They differentiate the IMP work into two areas, namely that of the interaction between buyers and sellers and that of the network approach describing relationships between firms within industries and markets. They also identify streams of research associated with channel efficiency and effectiveness, the role of value within chains, and the impact of IT on relationships. Despite its prominence they do not include the Anglo- Australian school.
This brief analysis suggests that there are numerous potential permutations available for analysis. Whilst there is no overarching explanation, the approach followed is to address the leading schools of thought: But before the article moves on to do this, however, a number of mid-range perspectives will be discussed in some detail. Mid-Range Perspectives As discussed, relationship marketing is a diverse field with no single best explanation.
As the debate has proliferated there have been attempts to postrationalise the body of work to 12 provide a more unified explanation Aijo, ; Eggert and Stieff, ; Mattsson, ; Palmer, ; Pels, Coviello, and Brodie, Mattsson has proposed that there are various types of relationship marketing; these he refers to as limited and extended.
SAGE Reference - Relationship Marketing: The Nordic School Perspective
The limited view, he proposes, is essentially an elaboration of the transactional marketing approach. In his discussion of the extended view of relationship marketing he suggests that this is more aligned with a network or relationship perspective of marketing. Berry and Palmer largely align with this view, but also introduce and support the notion that there is a philosophical element underlying the adoption of relationship marketing practices.
Eggert and Stieff have built on this by introducing the idea that relationship marketing can be seen as behavioural or attitudinal.
The behavioural approach involves a series of transactions on behalf of the seller designed to achieve repeat transactions through a process of interaction with the buyer, typically driven by economic goals rather than including some of the wider aspects of the exchange such as customer satisfaction.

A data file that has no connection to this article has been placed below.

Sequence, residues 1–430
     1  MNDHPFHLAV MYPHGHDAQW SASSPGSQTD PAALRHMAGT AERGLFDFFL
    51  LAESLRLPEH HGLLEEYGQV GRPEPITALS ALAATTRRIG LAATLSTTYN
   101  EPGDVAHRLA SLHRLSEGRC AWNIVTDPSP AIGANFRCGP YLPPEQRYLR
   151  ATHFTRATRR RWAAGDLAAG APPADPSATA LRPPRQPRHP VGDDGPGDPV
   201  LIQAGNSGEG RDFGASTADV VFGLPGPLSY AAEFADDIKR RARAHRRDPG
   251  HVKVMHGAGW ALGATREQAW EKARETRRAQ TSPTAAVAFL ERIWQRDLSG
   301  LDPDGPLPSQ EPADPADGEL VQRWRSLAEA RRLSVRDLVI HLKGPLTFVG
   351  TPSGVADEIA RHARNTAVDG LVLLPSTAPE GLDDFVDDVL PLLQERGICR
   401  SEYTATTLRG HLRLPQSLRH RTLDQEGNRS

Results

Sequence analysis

This aligns with the tactical or marketing mix plus approach suggested by Palmer and Mattsson. As a contrast to this Eggert and Stieff suggest the alternative is the attitudinal perspective. The relationship is characterised not by the desire of the seller to achieve a transaction or series of transactions, but the motivation to achieve a state of mutual acknowledgement that the relationship exists Bliemel and Eggert, In the business-to-consumer area there is some empirical evidence to support these contentions from the discussion of loyalty schemes by Hart, Smith, Sparks, and Tzokas and of purchasing clubs by Liebermann Rather relationship and transaction marketing are concurrently practiced with firms adopting mid- range positions appropriate to the context in which they operate.
The table is based upon the article of Brodie, Coviello, Brookes, and Little In business-to-business markets, buyers and sellers are fewer but larger and transaction values are greater and, therefore, of higher significance.
An early theme emerging was that in such markets transactions are not discrete but occur as part of a continuing stream of interaction between organisations. With changes in the external environment, such as market concentration, higher switching costs, and increased perceptions of risk, buyers and suppliers actively sought to change the nature of the relationship from a basis of competition to co-operation as a strategy of risk reduction Turnbull, Ford, and Cunningham, The interaction between companies, and many individuals within companies, constitutes the relationship.